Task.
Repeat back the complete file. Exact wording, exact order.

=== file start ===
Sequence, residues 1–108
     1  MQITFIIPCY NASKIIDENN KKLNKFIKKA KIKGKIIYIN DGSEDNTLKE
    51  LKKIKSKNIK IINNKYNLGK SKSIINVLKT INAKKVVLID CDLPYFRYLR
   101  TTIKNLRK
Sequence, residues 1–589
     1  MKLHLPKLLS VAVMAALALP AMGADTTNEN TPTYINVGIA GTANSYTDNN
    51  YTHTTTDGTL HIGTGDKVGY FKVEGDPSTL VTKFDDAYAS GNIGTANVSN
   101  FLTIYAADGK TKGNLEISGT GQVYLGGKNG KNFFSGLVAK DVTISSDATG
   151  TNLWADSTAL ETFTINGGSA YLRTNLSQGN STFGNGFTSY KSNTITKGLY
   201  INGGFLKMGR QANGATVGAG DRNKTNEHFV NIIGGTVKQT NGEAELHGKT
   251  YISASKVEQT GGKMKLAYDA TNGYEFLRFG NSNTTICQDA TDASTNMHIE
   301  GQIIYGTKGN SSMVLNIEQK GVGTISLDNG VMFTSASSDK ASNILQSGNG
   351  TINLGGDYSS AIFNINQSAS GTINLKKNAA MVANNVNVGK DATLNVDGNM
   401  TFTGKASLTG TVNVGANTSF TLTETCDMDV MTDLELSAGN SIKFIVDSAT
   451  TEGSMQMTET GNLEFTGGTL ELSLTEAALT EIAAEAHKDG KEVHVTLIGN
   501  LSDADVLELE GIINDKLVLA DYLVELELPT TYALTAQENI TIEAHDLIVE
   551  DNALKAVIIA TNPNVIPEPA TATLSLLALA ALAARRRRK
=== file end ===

Sequence, residues 1–108
     1  MQITFIIPCY NASKIIDENN KKLNKFIKKA KIKGKIIYIN DGSEDNTLKE
    51  LKKIKSKNIK IINNKYNLGK SKSIINVLKT INAKKVVLID CDLPYFRYLR
   101  TTIKNLRK
Sequence, residues 1–589
     1  MKLHLPKLLS VAVMAALALP AMGADTTNEN TPTYINVGIA GTANSYTDNN
    51  YTHTTTDGTL HIGTGDKVGY FKVEGDPSTL VTKFDDAYAS GNIGTANVSN
   101  FLTIYAADGK TKGNLEISGT GQVYLGGKNG KNFFSGLVAK DVTISSDATG
   151  TNLWADSTAL ETFTINGGSA YLRTNLSQGN STFGNGFTSY KSNTITKGLY
   201  INGGFLKMGR QANGATVGAG DRNKTNEHFV NIIGGTVKQT NGEAELHGKT
   251  YISASKVEQT GGKMKLAYDA TNGYEFLRFG NSNTTICQDA TDASTNMHIE
   301  GQIIYGTKGN SSMVLNIEQK GVGTISLDNG VMFTSASSDK ASNILQSGNG
   351  TINLGGDYSS AIFNINQSAS GTINLKKNAA MVANNVNVGK DATLNVDGNM
   401  TFTGKASLTG TVNVGANTSF TLTETCDMDV MTDLELSAGN SIKFIVDSAT
   451  TEGSMQMTET GNLEFTGGTL ELSLTEAALT EIAAEAHKDG KEVHVTLIGN
   501  LSDADVLELE GIINDKLVLA DYLVELELPT TYALTAQENI TIEAHDLIVE
   551  DNALKAVIIA TNPNVIPEPA TATLSLLALA ALAARRRRK